I’m sharing a bit about myself and my work to help us get to know each other and find ways to work together. E-mail me a quick note and I’ll get back to you right away. Meanwhile, I built this site so you can dive into assessing my more than ten years of experience as a journalist, filmmaker and educator, right away.
After growing up on a family sheep, cattle, and bison ranch in Oregon, I began traveling and working internationally at age sixteen. Volunteer positions began with my first stint in health work in Paraguay, followed by three internships in India in 2002, including work with the Associated Press in Srinagar, the Ladakh Ecological Development Group in Leh, and environmental filmmaker Siddarth Kakh in Mumbai. During college, I volunteered for three months in New Orleans immediately after Hurricane Katrina, where I found my drive to help audiences empathize and learn through documentary storytelling. Since then, I have made seven trips to Latin America and three trips to West Africa.
In addition to learning documentary and investigative journalism in the international arena, I have worked as a political organizer. For the first time, as the youngest paid staffer on Governor Howard Dean’s presidential campaign. I synthesized experiences and abilities as I worked on five different campaigns, for two PACs and as a consultant with a D.C. firm. My decade of growing political leadership culminated when I ran a candidate’s campaign for state representative in 2010. I had previously co-managed a successful fifty thousand signature ballot access drive.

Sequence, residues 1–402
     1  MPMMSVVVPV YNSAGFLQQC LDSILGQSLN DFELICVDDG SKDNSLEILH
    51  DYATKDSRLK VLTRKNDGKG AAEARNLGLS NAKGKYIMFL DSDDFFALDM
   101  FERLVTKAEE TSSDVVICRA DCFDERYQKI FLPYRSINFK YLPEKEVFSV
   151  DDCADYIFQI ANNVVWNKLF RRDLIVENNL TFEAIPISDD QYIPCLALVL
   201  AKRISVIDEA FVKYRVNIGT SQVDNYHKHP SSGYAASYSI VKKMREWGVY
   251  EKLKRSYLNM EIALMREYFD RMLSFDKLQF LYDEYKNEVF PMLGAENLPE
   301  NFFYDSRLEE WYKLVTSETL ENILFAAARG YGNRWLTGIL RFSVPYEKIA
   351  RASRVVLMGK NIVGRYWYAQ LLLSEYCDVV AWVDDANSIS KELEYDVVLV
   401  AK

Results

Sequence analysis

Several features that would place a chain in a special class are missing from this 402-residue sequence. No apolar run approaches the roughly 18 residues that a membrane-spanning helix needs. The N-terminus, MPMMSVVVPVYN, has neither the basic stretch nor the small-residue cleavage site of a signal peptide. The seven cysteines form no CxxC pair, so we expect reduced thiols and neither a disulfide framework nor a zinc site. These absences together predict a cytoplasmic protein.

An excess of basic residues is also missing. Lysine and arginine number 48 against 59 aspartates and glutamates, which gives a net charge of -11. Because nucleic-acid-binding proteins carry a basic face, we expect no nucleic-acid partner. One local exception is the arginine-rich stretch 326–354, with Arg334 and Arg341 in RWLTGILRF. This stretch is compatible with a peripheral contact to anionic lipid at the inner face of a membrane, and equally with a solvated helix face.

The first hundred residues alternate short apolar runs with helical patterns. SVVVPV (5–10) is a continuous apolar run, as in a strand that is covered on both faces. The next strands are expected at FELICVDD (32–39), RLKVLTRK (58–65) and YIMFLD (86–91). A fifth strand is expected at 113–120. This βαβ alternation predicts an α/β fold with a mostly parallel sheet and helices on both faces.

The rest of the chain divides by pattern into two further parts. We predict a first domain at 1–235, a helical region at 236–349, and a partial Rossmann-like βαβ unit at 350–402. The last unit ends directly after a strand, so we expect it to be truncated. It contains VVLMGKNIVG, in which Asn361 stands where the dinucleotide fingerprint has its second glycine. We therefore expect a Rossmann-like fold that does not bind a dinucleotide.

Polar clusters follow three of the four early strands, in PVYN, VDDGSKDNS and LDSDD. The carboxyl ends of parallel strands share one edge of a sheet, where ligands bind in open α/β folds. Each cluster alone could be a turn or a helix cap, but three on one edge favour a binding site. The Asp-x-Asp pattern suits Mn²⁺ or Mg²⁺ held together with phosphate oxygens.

Later, I worked as a public radio, multimedia and print journalist in Alaska, with the Alaska Public Radio Network, the Anchorage Press, National Native News and the Mudflats. I graduated from the University of Alaska Anchorage with a Bachelor's Degree in Journalism and Public Communication in 2011, joining and training with the professional organization Investigative Reporters and Editors. After taking my award-winning documentary, We Can’t Eat Gold, on tour to film festivals; I moved to Santiago, Chile in 2015 to continue filming documentaries and practicing journalism, while also teaching English as a second language to policymakers, professionals and in semester-long university courses.
I’ve lived in Chile for over 4 years, publishing with Discovery Channel’s Seeker, Free Speech Radio News, Democracy Now!, Intercontinental Cry and Unicorn Riot. My new Chilean feature-length documentary, Veins of Resistance, will begin screening at international film festivals this year.